ASEAN-China trade better than expected
Trade volume between China and the Association of Southeast Asian Nations (ASEAN) is likely to reach US$100 billion by the end of the year, Vice-Premier Wu Yi said Wednesday.
Reaching that goal would be a year earlier than both sides expected when Chinese Premier Wen Jiabao and leaders of 10-member ASEAN met at a summit last year.
"From January to September, the bilateral trade volume increased 35.6 per cent year on year to stand at US$75.45 billion," said Wu. "It is possible to exceed US$100 billion for the full year."
Wu made the prediction at the China-ASEAN Business and Investment Summit, a sister event of the first China-ASEAN Exposition (CAEXPO). The event opened Wednesday in Nanning, capital of South China's Guangxi Zhuang Autonomous Region.
To be held annually, the expo will offer a platform to bridge enterprises from China and ASEAN.
China's trade with its Southeast neighbours has prospered since 1990, enjoying a 20 per cent annual average rise, said Wu.
Last year's volume was US$78.2 billion and ASEAN has become China's fifth largest trading partner for 11 consecutive years, she told the summit.
Wu also called for joint efforts from both sides to diversify trading.
"While consolidating and expanding trade of traditional goods, we should actively promote the trade of machinery and electronics products and commodities with high added value," she said.
Wu noted that China will adopt a variety of means to further encourage its enterprises to import from ASEAN.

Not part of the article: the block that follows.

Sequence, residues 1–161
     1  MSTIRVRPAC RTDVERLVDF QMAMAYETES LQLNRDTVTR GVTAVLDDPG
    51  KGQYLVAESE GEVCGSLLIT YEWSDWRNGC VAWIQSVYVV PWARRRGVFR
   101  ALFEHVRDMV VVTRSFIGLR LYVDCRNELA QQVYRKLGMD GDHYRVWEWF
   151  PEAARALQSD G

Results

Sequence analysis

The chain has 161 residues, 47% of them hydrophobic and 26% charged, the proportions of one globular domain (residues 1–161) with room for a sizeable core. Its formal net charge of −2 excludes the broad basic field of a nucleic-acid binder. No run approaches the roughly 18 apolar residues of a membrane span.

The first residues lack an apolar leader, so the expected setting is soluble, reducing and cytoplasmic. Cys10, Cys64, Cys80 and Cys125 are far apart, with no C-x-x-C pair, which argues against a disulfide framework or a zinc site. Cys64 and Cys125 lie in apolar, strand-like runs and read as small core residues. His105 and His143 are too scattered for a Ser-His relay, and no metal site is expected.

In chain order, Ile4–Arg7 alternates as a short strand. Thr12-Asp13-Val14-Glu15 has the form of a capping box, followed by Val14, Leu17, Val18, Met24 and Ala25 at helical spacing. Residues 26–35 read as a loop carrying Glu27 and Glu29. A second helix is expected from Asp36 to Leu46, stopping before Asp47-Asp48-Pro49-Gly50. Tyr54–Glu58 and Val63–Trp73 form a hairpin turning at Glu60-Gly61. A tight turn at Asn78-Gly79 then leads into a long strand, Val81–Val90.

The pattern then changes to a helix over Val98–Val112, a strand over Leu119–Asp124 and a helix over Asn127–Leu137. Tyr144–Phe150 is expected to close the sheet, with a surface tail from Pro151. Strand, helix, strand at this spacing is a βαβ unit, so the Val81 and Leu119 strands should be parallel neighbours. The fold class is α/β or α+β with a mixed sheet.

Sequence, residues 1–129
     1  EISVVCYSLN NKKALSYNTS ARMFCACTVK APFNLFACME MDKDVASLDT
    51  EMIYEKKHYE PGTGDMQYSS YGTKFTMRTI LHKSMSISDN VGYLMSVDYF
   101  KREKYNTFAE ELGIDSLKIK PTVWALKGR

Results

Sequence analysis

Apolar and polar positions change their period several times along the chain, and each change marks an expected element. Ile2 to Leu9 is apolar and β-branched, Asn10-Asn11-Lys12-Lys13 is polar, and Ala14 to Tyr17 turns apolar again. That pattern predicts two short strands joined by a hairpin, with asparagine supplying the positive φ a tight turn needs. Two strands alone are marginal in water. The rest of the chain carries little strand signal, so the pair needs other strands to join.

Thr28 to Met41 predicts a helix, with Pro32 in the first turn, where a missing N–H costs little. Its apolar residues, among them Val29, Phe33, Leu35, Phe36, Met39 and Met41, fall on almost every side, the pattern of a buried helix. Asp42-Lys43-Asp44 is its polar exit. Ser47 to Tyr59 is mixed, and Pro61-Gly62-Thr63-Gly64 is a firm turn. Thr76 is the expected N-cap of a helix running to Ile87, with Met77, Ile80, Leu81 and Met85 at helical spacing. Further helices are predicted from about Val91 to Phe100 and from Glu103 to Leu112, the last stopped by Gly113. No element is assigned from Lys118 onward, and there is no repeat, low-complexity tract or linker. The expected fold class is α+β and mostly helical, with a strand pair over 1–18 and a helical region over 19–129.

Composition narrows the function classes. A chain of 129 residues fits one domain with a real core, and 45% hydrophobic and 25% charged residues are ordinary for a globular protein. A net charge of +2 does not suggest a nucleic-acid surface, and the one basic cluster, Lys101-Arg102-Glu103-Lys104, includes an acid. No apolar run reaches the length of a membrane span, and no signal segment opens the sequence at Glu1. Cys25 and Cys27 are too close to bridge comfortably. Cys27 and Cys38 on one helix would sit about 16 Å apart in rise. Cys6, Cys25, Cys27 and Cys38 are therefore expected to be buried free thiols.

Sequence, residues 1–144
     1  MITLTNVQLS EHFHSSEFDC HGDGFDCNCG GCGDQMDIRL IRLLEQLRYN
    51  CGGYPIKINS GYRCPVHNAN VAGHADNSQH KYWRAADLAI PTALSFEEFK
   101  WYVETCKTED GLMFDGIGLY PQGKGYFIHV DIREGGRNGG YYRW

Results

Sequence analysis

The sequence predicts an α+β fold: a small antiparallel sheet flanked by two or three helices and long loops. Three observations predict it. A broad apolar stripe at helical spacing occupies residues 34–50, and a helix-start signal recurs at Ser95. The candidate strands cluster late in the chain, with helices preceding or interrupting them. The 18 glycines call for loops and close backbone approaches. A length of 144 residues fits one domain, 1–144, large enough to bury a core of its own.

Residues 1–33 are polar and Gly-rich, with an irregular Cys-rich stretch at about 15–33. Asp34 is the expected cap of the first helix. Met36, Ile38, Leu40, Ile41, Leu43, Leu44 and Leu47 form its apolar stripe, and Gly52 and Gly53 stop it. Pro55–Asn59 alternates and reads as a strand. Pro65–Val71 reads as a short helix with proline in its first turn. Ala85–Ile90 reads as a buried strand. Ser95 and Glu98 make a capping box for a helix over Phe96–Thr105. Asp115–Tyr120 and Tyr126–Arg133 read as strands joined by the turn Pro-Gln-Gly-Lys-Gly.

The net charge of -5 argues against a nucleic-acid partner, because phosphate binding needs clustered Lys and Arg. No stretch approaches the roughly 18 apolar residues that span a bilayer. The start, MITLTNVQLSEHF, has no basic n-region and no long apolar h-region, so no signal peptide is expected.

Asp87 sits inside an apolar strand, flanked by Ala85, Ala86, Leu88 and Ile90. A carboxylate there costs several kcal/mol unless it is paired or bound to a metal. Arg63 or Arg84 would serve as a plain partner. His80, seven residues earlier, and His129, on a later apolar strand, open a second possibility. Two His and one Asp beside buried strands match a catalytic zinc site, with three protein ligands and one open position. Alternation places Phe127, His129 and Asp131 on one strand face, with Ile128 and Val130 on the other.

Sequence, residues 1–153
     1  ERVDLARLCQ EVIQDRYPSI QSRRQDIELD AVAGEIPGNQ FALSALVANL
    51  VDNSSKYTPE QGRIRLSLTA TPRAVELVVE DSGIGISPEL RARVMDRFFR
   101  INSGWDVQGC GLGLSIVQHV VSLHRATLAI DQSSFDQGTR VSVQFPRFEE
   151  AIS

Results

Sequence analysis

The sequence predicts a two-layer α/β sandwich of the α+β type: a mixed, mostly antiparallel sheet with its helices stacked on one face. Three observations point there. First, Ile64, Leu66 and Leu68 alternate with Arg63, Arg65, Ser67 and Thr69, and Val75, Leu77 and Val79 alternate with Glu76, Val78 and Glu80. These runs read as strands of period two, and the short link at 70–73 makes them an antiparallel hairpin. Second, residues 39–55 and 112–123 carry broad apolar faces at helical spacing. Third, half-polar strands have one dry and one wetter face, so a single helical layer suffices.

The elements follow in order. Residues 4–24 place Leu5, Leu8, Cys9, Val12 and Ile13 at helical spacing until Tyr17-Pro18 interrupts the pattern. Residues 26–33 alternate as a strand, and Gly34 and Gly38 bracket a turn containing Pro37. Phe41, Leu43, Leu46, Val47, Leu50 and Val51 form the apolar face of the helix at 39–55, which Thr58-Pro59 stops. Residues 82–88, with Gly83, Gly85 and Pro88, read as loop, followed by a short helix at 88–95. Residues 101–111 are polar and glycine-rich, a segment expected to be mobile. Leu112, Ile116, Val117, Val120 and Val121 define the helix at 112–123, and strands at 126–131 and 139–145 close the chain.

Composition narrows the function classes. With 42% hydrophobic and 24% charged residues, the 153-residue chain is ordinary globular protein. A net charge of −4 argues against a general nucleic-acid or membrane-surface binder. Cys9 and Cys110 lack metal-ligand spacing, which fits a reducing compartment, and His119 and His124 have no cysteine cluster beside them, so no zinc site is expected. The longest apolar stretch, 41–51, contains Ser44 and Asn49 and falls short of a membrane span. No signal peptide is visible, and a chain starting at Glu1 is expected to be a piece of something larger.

In terms of mutual investment, Wu said ASEAN is an important source of foreign funds.
By June, ASEAN members have chalked up a cumulative investment totalling US$34 billion.
And China's investment in ASEAN has been on the rise in recent years, adding up to US$1.037 billion.
Wu said the Chinese Government will continue pushing for companies to invest in ASEAN.
Meanwhile, the vice-premier also wants to fast-track the construction of the China-ASEAN free-trade area (FTA), saying regional economic integration has become a trend amid the tide of globalization.
"China and ASEAN should team up," she said: "Only by doing so, can we grasp opportunities, meet challenges... and withstand the fierce competition on a global basis."
"It is predictable that with the FTA in place, the two sides will better benefit from each other's economic development," she said.
China and ASEAN signed a comprehensive economic co-operation framework agreement in 2002, which would lead to the establishment of the world's largest FTA by 2010. That includes 1.7 billion consumers with a combined gross domestic product of US$2 trillion.
This year, China and ASEAN carried out an early-harvest programme that eliminated or reduced most of the import tariffs on vegetables and fruits.
In September, the two sides completed negotiations on the trade of goods and will begin to implement tariff cuts in 2005.
The next phases of the FTA will concern trading of services and investment.
To facilitate the FTA process, the vice-premier hopes the two sides will intensify their co-operation in such fields as finance, services, investment, agriculture and the information industry.
At the same summit, leaders from ASEAN countries uttered confidence in the FTA construction, saying the free trade pact will result in a win-win situation as its early-harvest has proven.
"The FTA will prove good for both," said Hun Sen, Cambodia's prime minister. "ASEAN has benefited from a more developed China."
"The early-harvest programme has improved business confidence," said Myanmar Prime Minister Soe Win.
More than 100 items of the country's exports to China are subject to zero tariffs, he said.